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Female workplace injuries on the rise: WorkSafeBC report

Workplace injuries among females are increasing, and according to a new WorkSafeBC report, rates are highest among health care and social services workers.

According to the report, the health and social assistance sector accounted for 33 per cent of female worker injuries between 2001 and 2010. Accommodations, food and leisure services were the second highest, accounting for 16 per cent of injuries.

Work related fatalities were also highest among health and social service workers, accounting for almost one in five deaths.

For one sector of predominantly female workers, this information isn’t new or surprising.

"Nurses have high injury rates along with the rest of health care and social services workers, the majority of those are musculoskeletal injuries, which include shoulder, back, repetitive strain injuries of the wrists," says Debra McPherson, president of the B.C. Nurses Union.

McPherson gives two main reasons for high injury rates among nurses: staffing shortages and a lack of ergonomic equipment.

"Hospitals are overcrowded, running at over-capacity,” she says, using Vernon as an example. “Last week, we had 192 patients in a hospital with 146 beds and staffing for 146 patients."

"What we have is a situation where the workload is high, the risk of strain is high, people are doing repetitive tasks and they’re doing it very quickly with no time to recover," she says.

McPherson blames the Ministry of Health’s “pay-for-performance” funding model.

"It’s like turning up the speed on a conveyer belt," she says, "where the faster they can get people in and out of emergency and in and out of hospital, the more reimbursement they get."

A Ministry of Health spokesperson says the ministry’s funding model isn’t only focused on reducing wait times.

"Patient-focused funding does not focus purely on activity, but rather the broader context of overall performance, including quality. In short, quality is part of what we want to be paying for," he says in an email, adding that "no caregiver is going to cut corners to discharge patients prematurely or speed up the surgery."

McPherson says the push to speed up hospital visits has meant more overtime for nurses and other health practitioners.

Limited funding has also translated into limited injury prevention initiatives, says McPherson.

"One of the things we’ve asked was that new facilities be fitted with appropriate numbers of lifting device so nurses and other health care workers don’t have to lift. Often these initiatives are limited by budget, however, and many of our facilities are old and it costs a lot to retrofit them so they’re not being retrofitted," she says using bathrooms as an example.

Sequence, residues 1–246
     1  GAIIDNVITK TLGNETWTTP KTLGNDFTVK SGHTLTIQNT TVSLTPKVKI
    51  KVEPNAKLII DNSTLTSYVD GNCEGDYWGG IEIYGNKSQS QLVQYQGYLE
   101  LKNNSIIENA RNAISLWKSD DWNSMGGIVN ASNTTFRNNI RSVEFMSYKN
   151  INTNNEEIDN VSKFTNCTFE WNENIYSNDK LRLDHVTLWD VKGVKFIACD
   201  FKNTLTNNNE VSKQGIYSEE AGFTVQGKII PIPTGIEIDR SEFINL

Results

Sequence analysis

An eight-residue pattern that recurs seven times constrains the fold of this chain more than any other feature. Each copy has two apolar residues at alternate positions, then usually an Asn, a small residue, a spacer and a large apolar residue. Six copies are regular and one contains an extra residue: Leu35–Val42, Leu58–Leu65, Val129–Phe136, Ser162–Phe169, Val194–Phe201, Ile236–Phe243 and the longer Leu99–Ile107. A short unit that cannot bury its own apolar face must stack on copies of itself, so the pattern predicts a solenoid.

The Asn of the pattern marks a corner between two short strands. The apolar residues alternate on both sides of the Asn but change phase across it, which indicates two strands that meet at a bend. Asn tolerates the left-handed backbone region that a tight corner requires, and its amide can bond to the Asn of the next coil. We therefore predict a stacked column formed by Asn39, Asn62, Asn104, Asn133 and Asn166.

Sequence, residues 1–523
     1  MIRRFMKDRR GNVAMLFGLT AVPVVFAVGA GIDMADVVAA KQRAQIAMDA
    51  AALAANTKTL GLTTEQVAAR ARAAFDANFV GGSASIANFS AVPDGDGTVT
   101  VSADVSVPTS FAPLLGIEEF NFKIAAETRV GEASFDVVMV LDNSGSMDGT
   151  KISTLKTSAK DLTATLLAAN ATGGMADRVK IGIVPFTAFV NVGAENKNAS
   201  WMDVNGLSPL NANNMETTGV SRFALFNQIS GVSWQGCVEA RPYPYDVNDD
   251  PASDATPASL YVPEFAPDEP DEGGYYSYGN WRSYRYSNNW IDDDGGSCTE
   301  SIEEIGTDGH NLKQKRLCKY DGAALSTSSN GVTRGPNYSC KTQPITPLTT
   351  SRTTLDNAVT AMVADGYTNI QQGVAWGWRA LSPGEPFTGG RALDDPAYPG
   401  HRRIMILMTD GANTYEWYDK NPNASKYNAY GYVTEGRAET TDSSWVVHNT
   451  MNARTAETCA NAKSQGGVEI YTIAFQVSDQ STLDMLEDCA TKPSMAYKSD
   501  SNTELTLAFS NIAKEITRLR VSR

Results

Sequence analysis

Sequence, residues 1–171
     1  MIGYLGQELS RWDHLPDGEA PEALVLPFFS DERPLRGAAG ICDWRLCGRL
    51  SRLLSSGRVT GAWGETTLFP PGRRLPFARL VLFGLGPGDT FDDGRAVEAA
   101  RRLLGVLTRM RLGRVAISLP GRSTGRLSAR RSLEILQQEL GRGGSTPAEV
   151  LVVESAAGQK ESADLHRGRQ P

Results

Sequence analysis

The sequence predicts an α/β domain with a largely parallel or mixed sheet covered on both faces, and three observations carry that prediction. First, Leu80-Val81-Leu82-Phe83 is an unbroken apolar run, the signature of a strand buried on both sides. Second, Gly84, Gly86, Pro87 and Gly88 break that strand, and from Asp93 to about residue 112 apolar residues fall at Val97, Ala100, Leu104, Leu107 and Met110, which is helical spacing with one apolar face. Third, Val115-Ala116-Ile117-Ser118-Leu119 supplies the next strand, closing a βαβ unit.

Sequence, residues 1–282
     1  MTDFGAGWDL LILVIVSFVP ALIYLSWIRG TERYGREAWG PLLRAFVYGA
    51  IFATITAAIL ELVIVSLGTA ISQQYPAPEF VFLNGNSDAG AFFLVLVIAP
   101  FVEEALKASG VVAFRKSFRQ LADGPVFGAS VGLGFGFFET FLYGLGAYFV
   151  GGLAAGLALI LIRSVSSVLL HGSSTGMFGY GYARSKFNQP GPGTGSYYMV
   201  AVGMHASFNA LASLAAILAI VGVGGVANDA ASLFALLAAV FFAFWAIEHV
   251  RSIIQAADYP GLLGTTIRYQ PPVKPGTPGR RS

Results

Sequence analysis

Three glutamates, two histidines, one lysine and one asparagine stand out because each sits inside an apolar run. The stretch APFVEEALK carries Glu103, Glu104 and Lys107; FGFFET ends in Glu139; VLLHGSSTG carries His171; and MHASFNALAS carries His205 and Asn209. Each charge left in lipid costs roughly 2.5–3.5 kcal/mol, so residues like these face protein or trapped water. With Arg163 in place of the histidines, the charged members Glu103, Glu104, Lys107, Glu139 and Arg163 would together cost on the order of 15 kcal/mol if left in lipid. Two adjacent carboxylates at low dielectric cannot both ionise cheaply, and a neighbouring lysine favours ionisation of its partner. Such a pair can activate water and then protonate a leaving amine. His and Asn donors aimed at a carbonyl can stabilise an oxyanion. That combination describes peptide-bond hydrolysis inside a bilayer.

"There often won’t be lifting devices in bathrooms or bathrooms are so small that two people couldn’t go in to assist a patient who falls, so one person is left in there doing it by themselves which exposes them to a greater risk of injury."

"We take staff and patient safety seriously,” says the ministry spokesperson. “The ministry and our health authorities are working hard to ensure we have a sufficient number of nurses, including registered nurses, in our province now and in the future."

"Our overall nursing strategy, has helped us increase the number of practicing nurses in B.C. to nearly 44,000 -- over 35,000 of which are registered nurses," he says.

He says a Health Sector Occupational Health and Safety Advisory Committee was recently created to develop strategies to improve workplace safety.

"As well, we’re investing $37 million in provincial health, safety and disability-management initiatives through the Health and Safety in Action Project, initiated through WorkSafeBC."

McPherson says the disability management program was negotiated at the last round of employment bargaining. "However, that’s at the end, that’s downstream, the real work needs to be done upstream in terms of prevention. And I think it’s absolutely related to the physical environment and staffing," she says.

Ainslie Cruickshank is completing a practicum at The Tyee.

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